To understand how the world can be a creation of the mind, it is useful to recognize that our mind has two aspects: ordinary mind and enlightened mind. Ordinary mind, also known in Mahayana teachings as deluded mind, is conceptual, dualistic, and emotional. Enlightened mind—also known as the awakened state or Buddha-nature—is the true and pure nature of the mind. For most of us, the dualistic concepts, unhealthy emotions, and obsessive sensations (particularly strong clinging and craving) of our ordinary mind cover the enlightened aspect of our mind. These thoughts are like coverings that obstruct us from realizing and manifesting our...
About Tulku Thondup
Tulku Thondup Rinpoche was born in Golok, Eastern Tibet. At the age of five, every aspect of his life changed suddenly and dramatically. He was recognized as the reincarnation of Khenpo Konchog Dronme (Khenpo Kome)...[Read More]
Loving-kindness is the thought of wishing total happiness for others and putting that wish into practice. It is the thought of unconditioned, pure, and universal love towards all beings without attachment, self-centeredness, or expectation of rewards.
The Heart of Unconditional Love
The unconditional love that we all long for can be experienced in the practice of loving-kindness. In this popular form of meditation, the love inherent to our own nature is gradually expanded until it embraces infinite beings.Learn More
The Healing Power of Mind
This book is an invitation to awaken the healing power of mind through inspiring images and sounds, mindful movements, positive perceptions, soothing feelings, trusting confidence, and the realization of openness.Learn More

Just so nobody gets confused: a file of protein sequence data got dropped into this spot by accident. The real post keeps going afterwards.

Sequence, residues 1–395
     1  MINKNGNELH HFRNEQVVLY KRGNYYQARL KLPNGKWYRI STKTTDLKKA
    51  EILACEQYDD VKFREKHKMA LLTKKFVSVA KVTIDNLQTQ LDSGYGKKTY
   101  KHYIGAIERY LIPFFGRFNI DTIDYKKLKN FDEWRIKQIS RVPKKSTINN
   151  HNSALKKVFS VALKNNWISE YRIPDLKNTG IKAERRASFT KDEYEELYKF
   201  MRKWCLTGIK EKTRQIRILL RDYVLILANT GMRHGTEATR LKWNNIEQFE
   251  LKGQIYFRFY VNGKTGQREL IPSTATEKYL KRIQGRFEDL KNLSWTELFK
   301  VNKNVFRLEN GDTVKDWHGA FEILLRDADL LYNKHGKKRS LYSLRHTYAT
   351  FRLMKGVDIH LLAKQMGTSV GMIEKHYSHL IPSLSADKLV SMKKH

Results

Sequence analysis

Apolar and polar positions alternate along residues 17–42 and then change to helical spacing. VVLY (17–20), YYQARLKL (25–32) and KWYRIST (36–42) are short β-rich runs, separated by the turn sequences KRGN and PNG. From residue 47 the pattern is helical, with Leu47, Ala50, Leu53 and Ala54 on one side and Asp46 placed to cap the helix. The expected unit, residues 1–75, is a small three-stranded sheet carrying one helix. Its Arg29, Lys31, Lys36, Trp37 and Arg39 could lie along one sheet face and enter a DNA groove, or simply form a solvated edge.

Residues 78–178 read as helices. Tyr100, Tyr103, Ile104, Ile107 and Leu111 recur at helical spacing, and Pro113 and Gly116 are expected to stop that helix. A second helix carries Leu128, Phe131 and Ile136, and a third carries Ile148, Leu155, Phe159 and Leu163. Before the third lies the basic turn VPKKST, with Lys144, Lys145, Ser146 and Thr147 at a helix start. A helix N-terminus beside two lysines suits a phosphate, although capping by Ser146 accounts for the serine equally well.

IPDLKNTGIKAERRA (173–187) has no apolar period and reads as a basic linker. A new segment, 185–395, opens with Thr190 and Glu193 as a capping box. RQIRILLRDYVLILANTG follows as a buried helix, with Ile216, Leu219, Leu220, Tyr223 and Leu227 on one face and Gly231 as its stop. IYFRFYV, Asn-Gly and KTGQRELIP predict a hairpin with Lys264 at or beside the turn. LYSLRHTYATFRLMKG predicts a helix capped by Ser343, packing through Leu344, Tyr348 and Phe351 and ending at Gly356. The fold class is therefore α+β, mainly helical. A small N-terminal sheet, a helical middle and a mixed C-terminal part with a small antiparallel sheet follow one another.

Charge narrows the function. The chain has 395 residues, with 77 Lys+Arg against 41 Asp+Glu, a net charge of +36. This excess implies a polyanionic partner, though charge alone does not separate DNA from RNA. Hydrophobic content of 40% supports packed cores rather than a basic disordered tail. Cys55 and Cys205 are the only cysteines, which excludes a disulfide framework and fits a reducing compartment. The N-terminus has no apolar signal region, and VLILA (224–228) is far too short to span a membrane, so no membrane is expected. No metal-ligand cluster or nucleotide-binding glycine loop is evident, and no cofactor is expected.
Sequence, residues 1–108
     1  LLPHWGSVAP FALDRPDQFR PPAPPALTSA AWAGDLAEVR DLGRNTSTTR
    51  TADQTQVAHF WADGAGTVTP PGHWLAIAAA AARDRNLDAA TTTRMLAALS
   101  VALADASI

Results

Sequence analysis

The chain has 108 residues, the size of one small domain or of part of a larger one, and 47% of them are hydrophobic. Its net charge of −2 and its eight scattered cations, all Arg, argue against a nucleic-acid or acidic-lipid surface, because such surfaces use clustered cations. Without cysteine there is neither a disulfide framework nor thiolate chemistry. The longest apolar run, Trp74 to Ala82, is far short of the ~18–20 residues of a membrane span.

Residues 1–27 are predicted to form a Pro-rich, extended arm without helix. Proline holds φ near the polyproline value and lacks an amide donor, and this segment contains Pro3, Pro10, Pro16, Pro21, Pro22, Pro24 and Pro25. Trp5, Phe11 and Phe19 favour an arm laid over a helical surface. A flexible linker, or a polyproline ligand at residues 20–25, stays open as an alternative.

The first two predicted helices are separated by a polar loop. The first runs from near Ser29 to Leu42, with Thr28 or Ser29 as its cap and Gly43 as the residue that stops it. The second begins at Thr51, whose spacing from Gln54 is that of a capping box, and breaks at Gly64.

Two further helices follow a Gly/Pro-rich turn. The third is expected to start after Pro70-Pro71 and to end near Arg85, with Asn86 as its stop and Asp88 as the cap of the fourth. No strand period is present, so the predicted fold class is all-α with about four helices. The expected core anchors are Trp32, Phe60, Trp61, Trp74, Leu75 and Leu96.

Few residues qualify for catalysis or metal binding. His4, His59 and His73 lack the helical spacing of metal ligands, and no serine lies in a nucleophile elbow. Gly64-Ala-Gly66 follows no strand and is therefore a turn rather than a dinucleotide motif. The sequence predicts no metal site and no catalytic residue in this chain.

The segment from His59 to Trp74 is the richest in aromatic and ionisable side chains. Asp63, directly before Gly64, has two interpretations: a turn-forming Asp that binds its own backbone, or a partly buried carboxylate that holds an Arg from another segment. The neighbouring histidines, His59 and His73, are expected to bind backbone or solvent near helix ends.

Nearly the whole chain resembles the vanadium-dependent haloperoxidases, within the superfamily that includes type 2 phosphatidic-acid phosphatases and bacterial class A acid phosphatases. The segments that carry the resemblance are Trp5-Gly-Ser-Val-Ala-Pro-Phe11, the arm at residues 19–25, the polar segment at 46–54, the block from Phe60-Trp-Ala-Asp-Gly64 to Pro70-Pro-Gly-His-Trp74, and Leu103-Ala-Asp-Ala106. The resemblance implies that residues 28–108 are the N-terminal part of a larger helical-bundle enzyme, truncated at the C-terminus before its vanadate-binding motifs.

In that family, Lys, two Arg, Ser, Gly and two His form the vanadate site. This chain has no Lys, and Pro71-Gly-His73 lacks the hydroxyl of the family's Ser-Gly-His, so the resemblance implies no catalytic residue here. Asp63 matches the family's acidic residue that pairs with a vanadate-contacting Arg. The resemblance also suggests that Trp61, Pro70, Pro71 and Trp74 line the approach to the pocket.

This book offers simple meditation techniques to awaken healing energies in the body and mind.Learn More
With devotion and trust, we will bring the Buddha’s love into our hearts, and from there we expand it gradually until it embraces infinite beings. The idea is similar to sunbathing. As our body absorbs the sun’s heat, it becomes warm and gradually emanates that warmth into our surroundings. In the same way, through devotion and trust in the Buddha, we immerse our mind in his unconditional love, which we then radiate to those around us. Source: The Heart of Unconditional Love Buy the book
In recent years, it began to dawn on me that most Buddhist practices, such as those on devotion and loving-kindness, lead meditators through four distinct stages. The first stage, which I call the Outer Buddha, is to see the Buddha before oneself with devotion. The second stage, which I call the Inner Buddha, is to find the Buddha’s unconditional love within oneself. The third stage, the Universal Buddha, is to awaken to the Buddha everywhere: the whole universe arises as his love. The fourth stage, the Ultimate Buddha, is to be in oneness with the Buddha’s love. I talk about...